How To Mask Sensitive Data
In this quick tutorial, we'll show you how to intercept data before libraries log it into a file by creating a Rewrite Policy for your sensitive data.
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You can leverage the Log4j Framework by Apache to make changes to the message logger during application execution. In the case where you are dealing with sensitive data in your application, it is difficult to mask at the code level because so many of the libraries log data that you do not have control over the message input. What Log4j offers is a way to intercept the data before it logs it to a file by creating a Rewrite Policy.
You need to create a Java class that implements the Apache RewritePolicy class. This will give you access to the log data before it is logged such as the logger name, level, message, throwable, etc... You will notice that you need to invoke the class as a factory method. In this case we are not passing any arguments so we just call the constructor and there is no logic involved. To pass arguments you need to annotate them with @PluginAttribute(“attributeName”) and then pass them to the constructor when instantiating the object.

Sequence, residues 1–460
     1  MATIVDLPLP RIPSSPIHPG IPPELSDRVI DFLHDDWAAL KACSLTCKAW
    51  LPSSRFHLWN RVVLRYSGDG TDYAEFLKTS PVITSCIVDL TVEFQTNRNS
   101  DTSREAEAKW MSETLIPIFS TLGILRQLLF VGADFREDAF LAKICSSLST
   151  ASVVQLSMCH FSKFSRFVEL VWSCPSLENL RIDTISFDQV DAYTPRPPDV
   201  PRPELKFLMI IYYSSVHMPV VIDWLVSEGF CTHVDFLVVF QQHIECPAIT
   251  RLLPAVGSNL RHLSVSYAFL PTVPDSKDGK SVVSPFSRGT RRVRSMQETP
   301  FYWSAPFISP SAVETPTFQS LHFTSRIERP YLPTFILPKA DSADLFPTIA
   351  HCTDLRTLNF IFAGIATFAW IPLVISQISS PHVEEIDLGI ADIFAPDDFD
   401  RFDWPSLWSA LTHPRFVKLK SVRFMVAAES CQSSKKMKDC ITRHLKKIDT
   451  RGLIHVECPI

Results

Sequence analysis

Below in an example of how you can wire in your Rewrite Policy for Log4j.
In this example;
- The AsyncRoot references the Rewrite Appender
- The Rewrite Appender references the Rewrite Policy found in the package specified in the Configuration node
- The Rewrite Appender references the Rolling File Appender
When you run your application you will notice that the logger is intercepted after it writes to the console and before it writes to the log file. If you add a Console Appender and reference it from the Rewrite Appender the console will show log every line twice, once with the modified log line and one without. Therefore it is better to leave it as just the Rolling File Appender so that no sensitive data is persisted and the console stays legible.
Published at DZone with permission of Julie Russell. See the original article here.
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